But back to Doing the Tudors, the point of this post. The “Doing” of topics is always an uneasy business, with that sense of finality, of completion, a dusting of hands and a walking away. I fell into this language myself (I don’t  think I noticed the children or staff using it), and was conscious of how it brought with it another meaning: finished but maybe superficially, as in “We did Oxford yesterday; is this Stonehenge?” Layers of detail and meaning lost.  Having just gone back to my first postgrad research in Tudor history through reading Diarmaid MacCulloch’s Thomas Cromwell, I was well aware of the complexities of “doing” and “finishing off” the Tudors. I know Year 6 had not been discussing the gaps in extant correspondence in this archive or that, of course, but if I thought my “doing” laid bare a “been there, done that” assumption, I need not have worried.

I had chickened out of telling the story with the death of the Queen at the end of The Three Heads, and softened the part about the King’s bribe to the cobbler to take the horrid step-sister away. Some of this was about brevity and tellability, and some of my choices, I reckoned, were about taste.  The children were not to be fooled, and although they enjoyed the story, I was soon in a discussion about what a “real Tudor” would make of the way it concluded. They wanted – in their words – a (they said “the“) “cruel ending.” Beheadings or divorce would have been in order. They appreciated the cruel (step)sister going off with the cobbler – but didn’t see that there was a bad ending somehow in her having to work for a living. Such is the power of storytelling and literature in the curriculum – but note to self: a Roald Dahl ending with blood and shame would have been truer to the earlier versions and maybe pleased my young audience more. Those children had Done the Tudors well.

Alongside what help I and my tutelary spirits could be for “doing the Tudors” or whatever, there were two other magic presences in this day’s work: Jackie Morris and Rob Macfarlane, artist and wordsmith of the great The Lost Words, whose work I shared with every group. It was wonderful to read the short acrostic for Ivy, (“the real high flyer… you call me ground-cover; I say sky wire”) and see the Reception class lap it up, and the “top Juniors” appreciate their understanding of an acrostic. Best of all, as the younger children went back to their room, one of them pointed to the ivy on the school wall, and another said “I say sky wire.” That really surpassed all the messages I could hope to give about links between language and literature and environment. We couldn’t have said we’d “done” language and the environment any more than I have “done” the Tudors, but that five year old knew a nature metaphor when he saw it.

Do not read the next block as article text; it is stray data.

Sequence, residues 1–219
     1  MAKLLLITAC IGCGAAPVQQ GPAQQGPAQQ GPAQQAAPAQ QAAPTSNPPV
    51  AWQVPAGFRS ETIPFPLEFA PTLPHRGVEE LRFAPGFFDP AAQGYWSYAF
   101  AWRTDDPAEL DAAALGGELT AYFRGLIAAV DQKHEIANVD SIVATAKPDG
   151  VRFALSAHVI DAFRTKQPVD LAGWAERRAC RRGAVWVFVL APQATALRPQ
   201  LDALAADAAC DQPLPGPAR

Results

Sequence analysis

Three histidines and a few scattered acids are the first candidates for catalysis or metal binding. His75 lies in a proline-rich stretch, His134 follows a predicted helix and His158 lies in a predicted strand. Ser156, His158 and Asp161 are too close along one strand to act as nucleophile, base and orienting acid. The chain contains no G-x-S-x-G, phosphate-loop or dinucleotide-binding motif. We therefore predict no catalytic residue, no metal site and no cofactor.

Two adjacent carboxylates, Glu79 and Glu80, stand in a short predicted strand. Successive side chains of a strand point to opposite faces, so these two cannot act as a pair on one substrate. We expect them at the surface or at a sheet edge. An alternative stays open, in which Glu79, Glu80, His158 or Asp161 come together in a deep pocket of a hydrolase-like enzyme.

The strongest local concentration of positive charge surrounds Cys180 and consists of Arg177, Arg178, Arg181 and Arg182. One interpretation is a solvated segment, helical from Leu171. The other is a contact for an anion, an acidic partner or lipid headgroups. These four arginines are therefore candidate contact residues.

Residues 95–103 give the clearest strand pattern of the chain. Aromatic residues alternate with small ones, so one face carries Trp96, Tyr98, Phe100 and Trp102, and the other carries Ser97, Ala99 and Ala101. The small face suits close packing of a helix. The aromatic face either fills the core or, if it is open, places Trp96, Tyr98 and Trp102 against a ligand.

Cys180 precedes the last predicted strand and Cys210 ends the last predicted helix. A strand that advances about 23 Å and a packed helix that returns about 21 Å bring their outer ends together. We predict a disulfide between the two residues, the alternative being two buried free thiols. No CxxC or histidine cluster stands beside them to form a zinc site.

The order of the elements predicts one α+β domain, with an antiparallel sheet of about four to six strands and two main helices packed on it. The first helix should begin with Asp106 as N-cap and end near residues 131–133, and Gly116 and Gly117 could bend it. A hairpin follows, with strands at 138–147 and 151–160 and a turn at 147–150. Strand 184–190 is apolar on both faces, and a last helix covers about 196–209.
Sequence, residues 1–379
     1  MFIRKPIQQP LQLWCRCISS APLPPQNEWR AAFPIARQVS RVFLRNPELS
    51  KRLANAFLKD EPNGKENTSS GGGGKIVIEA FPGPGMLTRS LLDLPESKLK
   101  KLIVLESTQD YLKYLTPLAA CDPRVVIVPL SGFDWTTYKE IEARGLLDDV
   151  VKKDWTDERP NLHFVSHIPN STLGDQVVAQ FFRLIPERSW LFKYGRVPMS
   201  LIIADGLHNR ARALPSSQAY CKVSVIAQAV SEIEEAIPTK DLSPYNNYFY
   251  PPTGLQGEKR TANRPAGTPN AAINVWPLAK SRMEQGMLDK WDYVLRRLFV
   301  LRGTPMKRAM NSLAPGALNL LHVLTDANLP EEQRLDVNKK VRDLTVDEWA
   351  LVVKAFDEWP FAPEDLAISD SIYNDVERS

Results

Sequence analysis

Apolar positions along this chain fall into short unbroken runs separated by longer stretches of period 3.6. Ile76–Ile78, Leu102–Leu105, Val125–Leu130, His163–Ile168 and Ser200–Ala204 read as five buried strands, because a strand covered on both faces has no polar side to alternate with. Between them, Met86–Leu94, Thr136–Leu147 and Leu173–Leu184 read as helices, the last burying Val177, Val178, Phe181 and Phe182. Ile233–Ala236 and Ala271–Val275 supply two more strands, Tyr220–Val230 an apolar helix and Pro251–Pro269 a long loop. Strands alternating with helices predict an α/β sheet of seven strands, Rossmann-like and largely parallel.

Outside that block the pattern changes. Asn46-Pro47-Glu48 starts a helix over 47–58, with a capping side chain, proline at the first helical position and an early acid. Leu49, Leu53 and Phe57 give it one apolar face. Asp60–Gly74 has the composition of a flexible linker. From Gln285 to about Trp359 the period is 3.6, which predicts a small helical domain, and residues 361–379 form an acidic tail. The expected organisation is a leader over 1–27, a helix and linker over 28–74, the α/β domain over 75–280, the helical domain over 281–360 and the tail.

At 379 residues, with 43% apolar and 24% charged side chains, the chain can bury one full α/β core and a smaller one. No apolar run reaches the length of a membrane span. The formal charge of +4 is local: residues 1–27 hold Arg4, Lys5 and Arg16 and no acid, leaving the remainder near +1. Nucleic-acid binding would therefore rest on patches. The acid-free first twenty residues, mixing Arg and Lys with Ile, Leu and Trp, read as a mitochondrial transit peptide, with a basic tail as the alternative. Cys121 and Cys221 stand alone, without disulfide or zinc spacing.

Importance and Binary Opposites

The presentation on What Children Shouldn’t Read for the Reading Spree didn’t go too badly, and reflecting on what did (and didn’t) get heard has been interesting. A few messages went astray both from me and from other presenters, although the “reviews” to listen to are, of course, the people who were actually there, and caught nuances more than the powerpoint slides Twitterers want to argue with. Responses on social media have been thoughtful (and certainly less spittle-flecked) than they were following the first one, at least.  However, reading them does bring me back to Kieran Egan, whose Teaching as Storytelling was a key element of my 20 or so minute ramble. He asks

  • What is most important about the topic?
  • Why should it matter to children?
  • What is affectively engaging about it?

and then  follows this with the challenge to find binary opposites/pairs:

  • What powerful binary opposites best catch the importance of the topic?

Big questions when we look at storytelling and curriculum.   I suggest that they are different for teachers than they are for children. In What Not to Read I suggested we might ask “How do we look at books when we are educators?” and the same is true of how we look at the whole phenomenon of the outdoor curriculum and outdoor storytelling in particular – and in many ways, looking at curriculum is closer than using Egan’s probing questions as being essentially about storytelling.